Annual Report: Kenya 2013

Report
May 23, 2013

Annual Report: Kenya 2013

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  • In October, police arrested Mombasa Republican Council (MRC) leader Omar Mwamnuadzi, as well as more than 40 other people believed to be members of the MRC. During their arrest, two people were killed and several others injured by the police, including Omar Mwamnuadzi who was beaten. The group was charged with a range of offences, including belonging to an unlawful group, incitement and possession of firearms. Their cases were pending at the end of the year.
  • In October, police fired rubber bullets into a crowd demonstrating outside a police station about insecurity in Mathare, an informal settlement in Nairobi. Three protesters were arrested and charged with incitement to violence. Seven activists, including an Amnesty International staff member and two volunteers, who had attempted to meet with the police to discuss the protest, were arbitrarily detained, held overnight at Pangani police station in incommunicado detention and beaten. They were charged with incitement to violence, obstructing an officer while on duty and disorderly behaviour. The case was pending at the end of the year.

In November and December, hundreds of ethnic Somali people were arbitrarily or discriminatorily detained by the police and other security forces, particularly in the Eastleigh area of Nairobi, following grenade or other bomb attacks. The attacks were thought to be linked to Al Shabaab, an Islamist armed group operating in Somalia but which has allegedly carried out some operations in Kenya. However, there is also a pattern of discrimination against Somalis in Kenya because of the perceived burden on the country as it hosts a large number of Somali refugees (see Refugees and asylum-seekers sub-section). Over the course of three days in December, up to 300 people were reported to have been arrested, including Somali refugees and asylum-seekers as well as Kenyan Somalis. Most were subsequently released without charge. However, many of those detained alleged that security forces had ill-treated them during arrest or detention and had extorted, or attempted to extort, money from them. The wave of arrests and lack of charges gives rise to serious concerns that the response of the authorities was rooted in discrimination against Somalis.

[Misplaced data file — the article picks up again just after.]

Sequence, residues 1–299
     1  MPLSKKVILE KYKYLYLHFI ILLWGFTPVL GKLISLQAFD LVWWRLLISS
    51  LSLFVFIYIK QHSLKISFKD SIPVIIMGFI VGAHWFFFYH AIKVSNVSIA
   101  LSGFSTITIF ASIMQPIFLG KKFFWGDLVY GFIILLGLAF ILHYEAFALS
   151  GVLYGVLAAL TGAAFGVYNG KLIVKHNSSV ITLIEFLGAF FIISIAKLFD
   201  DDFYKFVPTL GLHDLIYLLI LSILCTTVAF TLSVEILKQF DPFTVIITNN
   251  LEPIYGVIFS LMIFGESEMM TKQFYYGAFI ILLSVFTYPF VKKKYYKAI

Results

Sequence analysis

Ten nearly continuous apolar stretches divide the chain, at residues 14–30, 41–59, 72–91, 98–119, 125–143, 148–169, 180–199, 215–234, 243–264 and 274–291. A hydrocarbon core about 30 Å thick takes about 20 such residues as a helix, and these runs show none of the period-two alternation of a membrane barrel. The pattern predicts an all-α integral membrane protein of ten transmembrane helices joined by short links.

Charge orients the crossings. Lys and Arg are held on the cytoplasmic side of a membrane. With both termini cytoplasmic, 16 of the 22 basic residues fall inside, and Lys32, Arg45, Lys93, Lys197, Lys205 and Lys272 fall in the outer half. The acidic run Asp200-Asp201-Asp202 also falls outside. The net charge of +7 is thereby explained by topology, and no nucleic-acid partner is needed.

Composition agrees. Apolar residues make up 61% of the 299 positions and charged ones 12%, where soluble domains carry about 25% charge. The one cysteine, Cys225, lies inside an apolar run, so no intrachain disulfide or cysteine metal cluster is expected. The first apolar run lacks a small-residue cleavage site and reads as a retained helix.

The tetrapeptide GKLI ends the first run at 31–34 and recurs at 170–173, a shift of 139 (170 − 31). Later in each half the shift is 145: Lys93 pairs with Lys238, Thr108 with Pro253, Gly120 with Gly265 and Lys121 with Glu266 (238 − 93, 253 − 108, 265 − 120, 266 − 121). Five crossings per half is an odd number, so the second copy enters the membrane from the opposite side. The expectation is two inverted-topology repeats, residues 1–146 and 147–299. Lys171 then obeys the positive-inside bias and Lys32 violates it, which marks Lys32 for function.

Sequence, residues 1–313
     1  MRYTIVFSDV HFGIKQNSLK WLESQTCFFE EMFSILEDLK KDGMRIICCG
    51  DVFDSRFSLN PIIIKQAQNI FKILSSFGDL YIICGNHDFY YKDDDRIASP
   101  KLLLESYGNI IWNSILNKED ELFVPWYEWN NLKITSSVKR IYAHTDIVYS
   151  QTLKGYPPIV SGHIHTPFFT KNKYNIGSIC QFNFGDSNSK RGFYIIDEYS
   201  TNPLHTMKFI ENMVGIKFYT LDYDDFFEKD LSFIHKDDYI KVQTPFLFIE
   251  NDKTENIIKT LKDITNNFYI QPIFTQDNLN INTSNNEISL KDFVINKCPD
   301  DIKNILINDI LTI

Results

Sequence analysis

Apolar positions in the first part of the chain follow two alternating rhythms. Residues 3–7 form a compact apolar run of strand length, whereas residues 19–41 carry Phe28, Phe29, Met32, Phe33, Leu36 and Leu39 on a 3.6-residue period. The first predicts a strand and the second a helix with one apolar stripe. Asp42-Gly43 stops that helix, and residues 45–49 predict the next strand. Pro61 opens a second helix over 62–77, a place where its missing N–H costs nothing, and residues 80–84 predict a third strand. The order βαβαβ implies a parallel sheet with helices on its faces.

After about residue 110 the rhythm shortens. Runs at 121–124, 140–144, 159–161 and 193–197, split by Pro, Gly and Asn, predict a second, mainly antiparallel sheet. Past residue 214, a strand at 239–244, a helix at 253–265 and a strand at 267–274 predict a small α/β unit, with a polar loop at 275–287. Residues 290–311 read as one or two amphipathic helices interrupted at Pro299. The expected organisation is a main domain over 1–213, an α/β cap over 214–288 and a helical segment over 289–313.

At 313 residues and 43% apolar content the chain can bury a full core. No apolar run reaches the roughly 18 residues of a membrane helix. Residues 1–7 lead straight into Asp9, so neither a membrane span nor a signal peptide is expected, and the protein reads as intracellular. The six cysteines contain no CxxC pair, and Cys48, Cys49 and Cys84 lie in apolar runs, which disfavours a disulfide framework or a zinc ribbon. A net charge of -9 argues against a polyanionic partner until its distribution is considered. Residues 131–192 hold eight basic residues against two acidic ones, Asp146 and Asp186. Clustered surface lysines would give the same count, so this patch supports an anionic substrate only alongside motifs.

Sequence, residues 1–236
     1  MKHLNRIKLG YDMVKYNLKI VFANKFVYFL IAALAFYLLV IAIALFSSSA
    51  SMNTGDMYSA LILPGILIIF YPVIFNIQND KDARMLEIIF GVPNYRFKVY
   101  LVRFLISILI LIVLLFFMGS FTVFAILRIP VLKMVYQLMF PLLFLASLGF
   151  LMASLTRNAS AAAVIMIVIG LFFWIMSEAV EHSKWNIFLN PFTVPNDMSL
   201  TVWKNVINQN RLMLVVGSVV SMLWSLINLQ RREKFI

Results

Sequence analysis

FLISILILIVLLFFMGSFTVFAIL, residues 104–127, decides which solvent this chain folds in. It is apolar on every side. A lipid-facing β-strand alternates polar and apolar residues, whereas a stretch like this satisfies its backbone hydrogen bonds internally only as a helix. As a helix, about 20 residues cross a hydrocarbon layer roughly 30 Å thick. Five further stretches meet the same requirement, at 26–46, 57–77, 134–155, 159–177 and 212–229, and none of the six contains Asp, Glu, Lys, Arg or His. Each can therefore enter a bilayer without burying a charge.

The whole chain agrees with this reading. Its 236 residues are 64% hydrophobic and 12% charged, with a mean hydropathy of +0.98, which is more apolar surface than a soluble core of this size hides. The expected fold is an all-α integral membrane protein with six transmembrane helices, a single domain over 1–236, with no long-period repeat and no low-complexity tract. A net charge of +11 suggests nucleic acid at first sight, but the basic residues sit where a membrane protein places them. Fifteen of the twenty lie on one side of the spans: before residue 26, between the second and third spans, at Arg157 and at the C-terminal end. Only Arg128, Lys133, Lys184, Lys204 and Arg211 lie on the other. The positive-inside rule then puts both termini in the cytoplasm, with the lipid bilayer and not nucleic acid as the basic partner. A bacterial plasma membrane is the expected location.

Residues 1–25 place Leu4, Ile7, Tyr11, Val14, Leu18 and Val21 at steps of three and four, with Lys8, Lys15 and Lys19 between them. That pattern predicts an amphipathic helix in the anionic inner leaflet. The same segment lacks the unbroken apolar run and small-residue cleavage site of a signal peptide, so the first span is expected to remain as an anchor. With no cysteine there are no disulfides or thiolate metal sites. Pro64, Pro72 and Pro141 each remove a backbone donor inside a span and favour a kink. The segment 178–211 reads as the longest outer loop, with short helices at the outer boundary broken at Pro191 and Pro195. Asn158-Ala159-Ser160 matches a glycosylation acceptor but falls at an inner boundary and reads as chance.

• In October, Shem Kwega, an Orange Democratic Movement politician, was killed in Kisumu city by unknown people. His death led to a public demonstration, which turned violent, with stones being thrown at police. In responding to the protest the police used live ammunition and four people were reported to have been fatally shot. A number of people also died when a container in which they took shelter caught fire. Witnesses said that the fire started when police fired tear gas into the container.

Communal violence

Conflict between the Pokomo and Orma communities over water and pasture land intensified in Tana River County. It is believed that some 200 people had been killed in such clashes by the end of the year, and approximately 30,000 displaced.

Despite the deployment of more than 2,000 police officers to the Tana Delta in September, the clashes persisted, raising serious concerns about the security forces' response to the situation and their ability to protect the human rights of people in Tana. Residents claimed that they repeatedly attempted to raise their concerns about the escalating situation with the police and security forces before August, but they were not taken seriously.

The Kenyan authorities created a Commission of Inquiry to investigate these killings and allegations that the police failed to respond appropriately, but it had yet to report by the end of the year.